And in this way, sadly, Sheridan and Delenn begin their apotheosis.
The Lurker's Guide has a summary here.
I'm going to cut and paste from an old Live Journal post of mine because the opinions I expressed therein pretty much still stand:
I felt my first twinge of displeasure watching Sheridan and Delenn express their reluctance to join in the festivities. This rang very false for me. And there's nothing worse than false modesty.
I felt my second twinge of displeasure when the futuristic computer screen signaled to the viewer that we would be watching historical files on Sheridan and Delenn... with the others being nothing more than supporting characters. In fact, in this multi-era look at the influence and perception of the Alliance, some individuals who rightfully deserve a mention are absent entirely. I am thinking particularly of G'Kar, who sacrificed a great deal for the Army of Light and served as the Alliance's answer to Thomas Jefferson. Where was G'Kar the Reborn in the holy books?
The references to the "Blessed Sheridan" in Deconstruction... were irritating enough, but the worst moments of this episode were in the first two acts, in which JMS erects a number of straw men that he then proceeds to "deconstruct."
Here is the essence of what was argued by the members of ISN's panel in the first act:
Speech Writer: Allow me to be as obnoxious as possible while I assert boldly that Sheridan is a power hungry, incompetent nimrod who can't possibly get these alien races to cooperate. The Alliance will implode from his mismanagement, and he will ultimately have to bring out the big guns to restore order.
The Others: That's not true, you big meanie! You should give him a chance! You're just being all mean and stuff because you worked for that fascist hoser Clark.
I see. So Sheridan is clearly in the right here because all of his opponents are remnants of Clark's weasle squad looking to score political points. Got it.
Let's get real - Sheridan's supporters in this broadcast made no effort to argue the feasiblity of the Alliance, nor Sheridan's qualifications to lead such a body. And it's not as if they don't have supporting evidence they can use - Sheridan did in fact pull together a massive and diverse alliance to fight a major galactic war.
And the representative for the opposition was ludicrous. As hard as it may be for JMS to imagine, you don't have to be one of Clark's toadies to stake out a different position on this issue. A look through history shows that the universe is frequently unkind to political entities like the Alliance. It could be argued, intelligently and convincingly, that maintaining the peace often requires the occasional military conflict. It can even be argued that large scale political alliances may do more harm than good by forcing you to commit your resources to ventures that are not in your interest. Whether or not you agree with any of these positions doesn't matter - they are legitimate, and they deserve to be put in the mouths of serious characters.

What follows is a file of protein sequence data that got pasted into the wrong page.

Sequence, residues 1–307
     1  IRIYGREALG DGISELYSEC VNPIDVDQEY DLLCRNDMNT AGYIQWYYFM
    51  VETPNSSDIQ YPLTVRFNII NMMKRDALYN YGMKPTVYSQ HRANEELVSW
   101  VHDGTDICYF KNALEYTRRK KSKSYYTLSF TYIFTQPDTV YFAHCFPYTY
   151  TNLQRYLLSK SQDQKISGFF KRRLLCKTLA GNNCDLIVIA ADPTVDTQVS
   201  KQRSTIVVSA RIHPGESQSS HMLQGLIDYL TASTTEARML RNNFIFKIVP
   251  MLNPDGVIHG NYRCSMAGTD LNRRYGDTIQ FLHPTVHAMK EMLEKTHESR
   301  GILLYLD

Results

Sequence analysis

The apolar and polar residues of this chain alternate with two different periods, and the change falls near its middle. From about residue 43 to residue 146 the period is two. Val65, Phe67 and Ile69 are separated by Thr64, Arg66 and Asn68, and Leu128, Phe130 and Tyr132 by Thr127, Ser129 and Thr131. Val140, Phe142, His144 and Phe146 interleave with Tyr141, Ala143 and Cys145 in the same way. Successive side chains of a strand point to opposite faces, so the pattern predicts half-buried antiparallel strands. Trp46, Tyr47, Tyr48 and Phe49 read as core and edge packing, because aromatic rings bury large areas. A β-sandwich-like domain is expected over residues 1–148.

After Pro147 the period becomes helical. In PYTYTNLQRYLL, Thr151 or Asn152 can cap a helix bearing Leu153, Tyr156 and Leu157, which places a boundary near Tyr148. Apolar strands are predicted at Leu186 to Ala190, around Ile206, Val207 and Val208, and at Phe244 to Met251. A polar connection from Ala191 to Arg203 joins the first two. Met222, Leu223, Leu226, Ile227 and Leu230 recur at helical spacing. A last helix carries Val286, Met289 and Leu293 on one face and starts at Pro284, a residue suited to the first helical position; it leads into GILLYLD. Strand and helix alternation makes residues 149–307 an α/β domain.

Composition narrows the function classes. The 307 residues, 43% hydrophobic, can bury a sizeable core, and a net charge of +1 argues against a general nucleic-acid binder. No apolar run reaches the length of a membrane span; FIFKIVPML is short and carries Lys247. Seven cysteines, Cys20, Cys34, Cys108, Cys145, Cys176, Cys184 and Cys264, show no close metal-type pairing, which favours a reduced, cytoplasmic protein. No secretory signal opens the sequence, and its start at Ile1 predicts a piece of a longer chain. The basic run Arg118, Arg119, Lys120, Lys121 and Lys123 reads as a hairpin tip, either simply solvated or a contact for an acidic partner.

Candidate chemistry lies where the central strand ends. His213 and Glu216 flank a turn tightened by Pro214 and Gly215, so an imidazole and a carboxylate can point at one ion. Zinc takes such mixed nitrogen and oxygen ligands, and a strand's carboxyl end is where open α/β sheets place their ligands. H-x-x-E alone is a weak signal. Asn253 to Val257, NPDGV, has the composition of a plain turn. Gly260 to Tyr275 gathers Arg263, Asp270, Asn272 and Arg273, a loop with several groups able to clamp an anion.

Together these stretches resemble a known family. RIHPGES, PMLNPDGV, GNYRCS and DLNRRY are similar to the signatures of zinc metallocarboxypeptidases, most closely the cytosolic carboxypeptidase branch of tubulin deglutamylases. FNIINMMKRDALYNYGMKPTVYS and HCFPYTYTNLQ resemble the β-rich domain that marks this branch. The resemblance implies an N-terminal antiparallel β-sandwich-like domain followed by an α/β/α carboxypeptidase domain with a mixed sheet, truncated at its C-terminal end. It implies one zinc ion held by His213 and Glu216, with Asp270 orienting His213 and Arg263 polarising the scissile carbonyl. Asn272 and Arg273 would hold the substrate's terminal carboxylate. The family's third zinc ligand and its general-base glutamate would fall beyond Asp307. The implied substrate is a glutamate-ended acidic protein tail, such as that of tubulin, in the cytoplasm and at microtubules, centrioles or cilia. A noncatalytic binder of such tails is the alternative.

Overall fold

Now on to act two, a hundred years later. If the author were not so focused on elevating Sheridan to semi-godhood, he might've used this scene to seriously examine two influential views of history. The first of these - and the one JMS seems to be proposing - is what I refer to as the great man theory. This is the view that major political movements are brought to life and defined by their leaders - the power of one, so to speak. Great man historians study George Washington, Thomas Jefferson, Benjamin Franklin and so on to get at the character of the American Revolution. The second view of history is what I refer to as the societal forces theory. One of my favorite American figures, John Adams, articulated an early version of this theory when he stated that the American Revolution evolved gradually in the hearts of all American settlers long before the events of 1776. The "force of history" embodied in the individual lives, decisions, passions and preferences of many people is what drives events according to this theory... For what it's worth, in my view, I don't see these two theories as opposite sides of a dichotomy - I believe social forces and the vision of individual leaders can influence and enhance each other.
At any rate, what we get instead of an examination of how the leadership of Captain Sheridan may have influenced and/or been influenced by larger historical forces is two more obnoxious straw men blathering about hero worship and PR campaigns, thus setting themselves up to be smacked down by an ancient, righteous Delenn. Puh-leaze!
Do not insult us by telling us that Sheridan is a "good, kind and decent man." Show us. Convince us of his heroism by his actions. And further, acknowledge that criticism of Sheridan's decisions can be advanced by credible individuals. Questioning his decision to allow Byron to bring his teeps to B5 is legitimate. Questioning the decision of advisory council (under Sheridan's command) to keep one of their members in the dark about their suspicions regarding his homeworld is legitimate. Allow these arguments to take place and trust in the intelligence of your audience.
I sympathize with JMS's evident hatred of academics and their tendency towards undiscriminating iconoclasm. I also share his rather cynical view of modern-day public affairs shows. But this is still the most disappointing of the five season finales.
As I note above, there's too much telling here and not enough showing.
The performances are only okay.
I do believe in the power of the individual to change the world. I also believe in the importance of faith. Alas, JMS undermines both of those decent messages by laying it on way too thick.